Lighting For Video That Doesn’t Suck


I’ve been wanting to do some tutorial videos for a long time. Finally was able to get one done. This one is on lighting for video.

I, like many in the video production field, follow a number of different blogs on the subject of video and marketing.  If you’ve been there, you’ve seen the periodic rants from “professionals” about amateurs coming into the arena with cut prices and little talent with further rants about how the general business public are tolerating amateur video quality.

Like in politics, there’s a grain of truth in that.

And like politics, there are very few professionals left. In politics they used to be called “Statesmen”. And true statesmen never bothered too much with the general rants of press and opposition. They’d just get on with the job and improve things, educate and  lead people by example.

One of the untruths is that the general business public accept low quality. They don’t. Just low quality businesses do. And who wants them for clients anyway?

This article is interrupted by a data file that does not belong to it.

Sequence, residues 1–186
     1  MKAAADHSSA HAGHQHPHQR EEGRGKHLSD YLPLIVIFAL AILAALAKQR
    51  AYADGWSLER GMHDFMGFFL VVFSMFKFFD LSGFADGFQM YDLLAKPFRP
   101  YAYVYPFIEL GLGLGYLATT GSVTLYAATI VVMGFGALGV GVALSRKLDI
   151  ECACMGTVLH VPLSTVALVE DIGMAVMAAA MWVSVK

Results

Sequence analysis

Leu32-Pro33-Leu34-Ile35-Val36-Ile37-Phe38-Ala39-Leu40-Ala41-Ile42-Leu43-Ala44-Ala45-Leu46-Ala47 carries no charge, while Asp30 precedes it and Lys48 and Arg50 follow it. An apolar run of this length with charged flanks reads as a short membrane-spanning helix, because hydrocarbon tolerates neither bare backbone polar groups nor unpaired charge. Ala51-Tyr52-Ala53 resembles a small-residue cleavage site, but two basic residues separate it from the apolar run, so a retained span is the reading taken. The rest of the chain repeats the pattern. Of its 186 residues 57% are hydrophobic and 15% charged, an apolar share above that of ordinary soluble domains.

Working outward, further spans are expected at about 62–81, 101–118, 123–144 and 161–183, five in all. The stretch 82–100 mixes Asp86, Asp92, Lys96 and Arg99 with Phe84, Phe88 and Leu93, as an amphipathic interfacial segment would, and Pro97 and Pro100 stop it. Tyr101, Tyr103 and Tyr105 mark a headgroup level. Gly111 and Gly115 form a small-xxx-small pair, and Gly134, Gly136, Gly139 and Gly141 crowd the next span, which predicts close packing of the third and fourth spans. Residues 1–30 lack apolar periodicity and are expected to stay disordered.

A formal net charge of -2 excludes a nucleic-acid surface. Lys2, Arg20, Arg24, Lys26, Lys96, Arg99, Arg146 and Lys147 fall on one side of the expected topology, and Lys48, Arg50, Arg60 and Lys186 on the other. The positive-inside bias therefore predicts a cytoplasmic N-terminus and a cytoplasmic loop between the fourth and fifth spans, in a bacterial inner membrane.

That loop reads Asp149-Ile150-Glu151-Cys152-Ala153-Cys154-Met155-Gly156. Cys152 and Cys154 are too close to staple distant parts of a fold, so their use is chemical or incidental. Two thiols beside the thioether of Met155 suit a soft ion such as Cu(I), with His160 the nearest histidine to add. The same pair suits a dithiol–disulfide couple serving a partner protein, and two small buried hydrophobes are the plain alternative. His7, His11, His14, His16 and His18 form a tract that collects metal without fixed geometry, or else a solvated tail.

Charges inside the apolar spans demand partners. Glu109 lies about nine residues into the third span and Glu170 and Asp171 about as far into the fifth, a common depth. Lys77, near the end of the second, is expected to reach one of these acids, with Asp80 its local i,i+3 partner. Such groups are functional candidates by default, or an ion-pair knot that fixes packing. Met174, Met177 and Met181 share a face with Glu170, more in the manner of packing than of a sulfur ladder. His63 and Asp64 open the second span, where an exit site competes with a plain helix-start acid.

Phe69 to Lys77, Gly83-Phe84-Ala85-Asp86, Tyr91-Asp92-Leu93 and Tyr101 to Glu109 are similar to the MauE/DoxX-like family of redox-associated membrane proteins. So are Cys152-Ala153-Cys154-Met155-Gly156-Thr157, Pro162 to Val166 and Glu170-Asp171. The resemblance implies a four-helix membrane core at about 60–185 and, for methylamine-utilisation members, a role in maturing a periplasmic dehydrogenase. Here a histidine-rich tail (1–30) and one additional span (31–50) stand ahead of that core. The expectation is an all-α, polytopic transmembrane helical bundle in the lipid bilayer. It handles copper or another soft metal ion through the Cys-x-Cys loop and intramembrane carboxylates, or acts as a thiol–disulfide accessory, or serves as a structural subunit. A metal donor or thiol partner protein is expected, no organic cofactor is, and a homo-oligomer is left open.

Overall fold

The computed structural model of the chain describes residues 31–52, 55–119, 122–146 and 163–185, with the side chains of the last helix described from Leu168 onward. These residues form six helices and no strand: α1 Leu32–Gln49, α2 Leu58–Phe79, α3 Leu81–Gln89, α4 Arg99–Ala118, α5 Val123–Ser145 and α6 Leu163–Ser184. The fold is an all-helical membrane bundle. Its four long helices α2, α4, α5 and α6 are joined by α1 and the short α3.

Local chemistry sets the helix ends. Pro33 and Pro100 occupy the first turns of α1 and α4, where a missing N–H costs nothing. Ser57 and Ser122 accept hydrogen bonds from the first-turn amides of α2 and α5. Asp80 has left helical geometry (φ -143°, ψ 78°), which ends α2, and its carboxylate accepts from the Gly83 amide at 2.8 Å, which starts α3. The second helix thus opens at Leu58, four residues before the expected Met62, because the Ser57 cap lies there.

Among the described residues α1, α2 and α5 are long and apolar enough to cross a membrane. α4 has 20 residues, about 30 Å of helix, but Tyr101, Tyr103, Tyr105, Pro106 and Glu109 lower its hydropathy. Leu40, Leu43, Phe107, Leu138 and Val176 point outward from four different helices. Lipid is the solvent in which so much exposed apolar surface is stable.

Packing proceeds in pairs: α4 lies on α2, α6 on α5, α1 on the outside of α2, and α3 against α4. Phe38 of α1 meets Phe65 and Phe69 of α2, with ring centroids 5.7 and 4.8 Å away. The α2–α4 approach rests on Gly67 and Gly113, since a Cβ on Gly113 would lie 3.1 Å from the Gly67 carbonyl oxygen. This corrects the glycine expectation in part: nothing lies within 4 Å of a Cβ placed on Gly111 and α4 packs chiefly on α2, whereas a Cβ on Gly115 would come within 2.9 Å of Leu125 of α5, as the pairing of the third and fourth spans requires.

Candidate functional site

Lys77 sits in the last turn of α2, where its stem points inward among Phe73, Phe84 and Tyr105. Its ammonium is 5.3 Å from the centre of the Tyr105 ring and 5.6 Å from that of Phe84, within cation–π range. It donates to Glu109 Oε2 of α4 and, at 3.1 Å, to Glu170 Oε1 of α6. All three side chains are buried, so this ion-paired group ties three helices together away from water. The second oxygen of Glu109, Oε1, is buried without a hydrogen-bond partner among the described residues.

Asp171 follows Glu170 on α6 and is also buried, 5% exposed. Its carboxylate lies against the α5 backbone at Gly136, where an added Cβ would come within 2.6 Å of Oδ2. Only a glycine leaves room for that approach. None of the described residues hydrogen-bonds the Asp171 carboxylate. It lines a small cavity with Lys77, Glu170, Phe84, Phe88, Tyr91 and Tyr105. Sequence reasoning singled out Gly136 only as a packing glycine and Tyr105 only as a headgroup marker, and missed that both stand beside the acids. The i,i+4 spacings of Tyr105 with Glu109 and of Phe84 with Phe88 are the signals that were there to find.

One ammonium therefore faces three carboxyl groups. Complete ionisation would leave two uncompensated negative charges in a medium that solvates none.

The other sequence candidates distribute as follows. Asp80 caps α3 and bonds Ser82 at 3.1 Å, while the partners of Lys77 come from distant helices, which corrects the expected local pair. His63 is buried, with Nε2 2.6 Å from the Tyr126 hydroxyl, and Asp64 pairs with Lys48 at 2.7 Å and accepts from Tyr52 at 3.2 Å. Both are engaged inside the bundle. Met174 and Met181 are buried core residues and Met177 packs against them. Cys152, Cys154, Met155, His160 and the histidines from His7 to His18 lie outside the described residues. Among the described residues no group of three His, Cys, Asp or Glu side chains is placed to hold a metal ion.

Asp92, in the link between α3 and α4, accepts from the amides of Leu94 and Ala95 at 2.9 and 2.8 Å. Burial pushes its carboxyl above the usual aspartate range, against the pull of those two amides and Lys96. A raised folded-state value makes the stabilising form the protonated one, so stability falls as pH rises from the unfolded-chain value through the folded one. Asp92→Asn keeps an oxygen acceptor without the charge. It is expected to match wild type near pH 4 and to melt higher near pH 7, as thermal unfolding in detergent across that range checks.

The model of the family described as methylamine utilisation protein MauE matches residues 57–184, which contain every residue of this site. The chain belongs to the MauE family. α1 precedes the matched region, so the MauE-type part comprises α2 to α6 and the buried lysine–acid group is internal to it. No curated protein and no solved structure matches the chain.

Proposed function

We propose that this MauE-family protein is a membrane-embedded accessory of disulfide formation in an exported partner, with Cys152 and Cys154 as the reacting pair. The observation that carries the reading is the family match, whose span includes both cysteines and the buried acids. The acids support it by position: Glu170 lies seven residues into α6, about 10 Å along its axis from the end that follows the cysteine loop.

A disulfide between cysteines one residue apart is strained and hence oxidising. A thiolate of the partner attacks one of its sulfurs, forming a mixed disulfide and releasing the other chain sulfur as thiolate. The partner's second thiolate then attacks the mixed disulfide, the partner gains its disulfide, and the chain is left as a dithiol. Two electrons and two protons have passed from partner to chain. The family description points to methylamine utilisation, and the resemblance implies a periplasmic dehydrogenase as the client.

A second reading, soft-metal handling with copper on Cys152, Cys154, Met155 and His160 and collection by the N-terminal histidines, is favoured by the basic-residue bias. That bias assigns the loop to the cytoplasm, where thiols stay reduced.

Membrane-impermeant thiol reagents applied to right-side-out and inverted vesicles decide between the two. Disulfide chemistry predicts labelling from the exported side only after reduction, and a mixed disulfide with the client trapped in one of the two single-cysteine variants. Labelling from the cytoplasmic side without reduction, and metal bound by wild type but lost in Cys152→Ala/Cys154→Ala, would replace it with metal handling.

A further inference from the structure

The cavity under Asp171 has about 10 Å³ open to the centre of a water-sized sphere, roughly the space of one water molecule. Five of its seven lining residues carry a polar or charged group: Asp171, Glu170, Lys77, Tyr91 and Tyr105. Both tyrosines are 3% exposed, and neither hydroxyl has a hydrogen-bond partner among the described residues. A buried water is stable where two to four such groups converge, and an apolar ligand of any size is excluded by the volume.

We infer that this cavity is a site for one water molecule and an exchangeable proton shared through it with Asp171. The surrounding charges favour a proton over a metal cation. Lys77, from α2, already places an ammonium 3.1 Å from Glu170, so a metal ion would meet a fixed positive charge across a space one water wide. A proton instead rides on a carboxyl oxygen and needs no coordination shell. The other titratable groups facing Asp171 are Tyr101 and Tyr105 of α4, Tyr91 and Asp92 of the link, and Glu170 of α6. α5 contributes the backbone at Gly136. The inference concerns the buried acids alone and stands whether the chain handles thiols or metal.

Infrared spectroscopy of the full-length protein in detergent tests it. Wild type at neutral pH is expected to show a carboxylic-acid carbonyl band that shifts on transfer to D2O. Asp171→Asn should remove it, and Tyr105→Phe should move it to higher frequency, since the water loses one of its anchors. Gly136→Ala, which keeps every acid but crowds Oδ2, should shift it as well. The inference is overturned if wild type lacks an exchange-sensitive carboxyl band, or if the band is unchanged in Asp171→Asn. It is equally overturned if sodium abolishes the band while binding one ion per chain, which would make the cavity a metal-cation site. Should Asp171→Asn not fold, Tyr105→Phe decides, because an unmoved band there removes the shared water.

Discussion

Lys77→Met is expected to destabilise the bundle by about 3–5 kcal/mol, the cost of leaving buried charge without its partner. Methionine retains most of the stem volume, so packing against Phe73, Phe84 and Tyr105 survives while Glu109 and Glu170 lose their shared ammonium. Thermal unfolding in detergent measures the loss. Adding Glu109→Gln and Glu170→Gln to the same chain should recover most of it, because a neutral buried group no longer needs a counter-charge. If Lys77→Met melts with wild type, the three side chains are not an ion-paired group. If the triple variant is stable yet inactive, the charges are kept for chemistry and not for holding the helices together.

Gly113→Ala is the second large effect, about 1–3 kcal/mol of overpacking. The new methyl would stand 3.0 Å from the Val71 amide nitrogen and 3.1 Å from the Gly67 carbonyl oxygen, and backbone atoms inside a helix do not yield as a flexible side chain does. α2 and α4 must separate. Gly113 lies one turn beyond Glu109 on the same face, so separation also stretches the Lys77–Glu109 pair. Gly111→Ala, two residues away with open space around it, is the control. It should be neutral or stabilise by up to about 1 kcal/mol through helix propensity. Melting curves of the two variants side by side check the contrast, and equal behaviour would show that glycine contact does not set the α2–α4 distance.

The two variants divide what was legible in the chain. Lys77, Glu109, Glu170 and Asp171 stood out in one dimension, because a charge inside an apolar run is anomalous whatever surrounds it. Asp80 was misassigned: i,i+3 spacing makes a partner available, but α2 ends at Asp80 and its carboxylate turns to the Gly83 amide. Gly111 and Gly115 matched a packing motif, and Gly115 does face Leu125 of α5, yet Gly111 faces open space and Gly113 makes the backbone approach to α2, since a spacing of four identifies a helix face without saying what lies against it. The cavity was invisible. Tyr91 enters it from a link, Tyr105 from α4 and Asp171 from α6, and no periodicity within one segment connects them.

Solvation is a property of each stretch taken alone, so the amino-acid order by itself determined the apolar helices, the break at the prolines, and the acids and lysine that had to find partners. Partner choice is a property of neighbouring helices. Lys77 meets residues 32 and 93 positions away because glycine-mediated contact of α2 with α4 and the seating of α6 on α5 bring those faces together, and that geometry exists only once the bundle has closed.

So maybe there’d be some benefit in providing some real practical knowledge so that those current amateurs (aspiring professionals) can learn a few of the basic conventions that have evolved over the past 100 years or so which form the bedrock of what makes a quality film or video that people will actually want to watch.

Part One is below. Part Two can be found here.

4 responses

  1. Pingback: Color Temperature, Warts ‘n All « The Video Whisperer

  2. Pingback: 3 Point Lighting Video Tutorial « The Video Whisperer

  3. Appreciating the hard work you put into your website and in depth information you present.

    It’s good to come across a blog every once in a while that isn’t the same outdated rehashed material.
    Excellent read! I’ve saved your site and I’m adding
    your RSS feeds to my Google account.


    • Just noticed your comment in the WordPress spam folder, so I “unspammed it”. Thanks very much. I plan to soon do several more in this series, some of which will expand on topics covered briefly in this video–including 3 point lighting itself, lighting contrast in greater detail with demonstration, a full explanation of color temperature, lighting in the real world, etc. I think you can subscribe here somehow or another, but if not, if you subscribe to the YouTube channel (, you’ll be alerted to the new videos which I hope to start getting up within the next 3-4 weeks.


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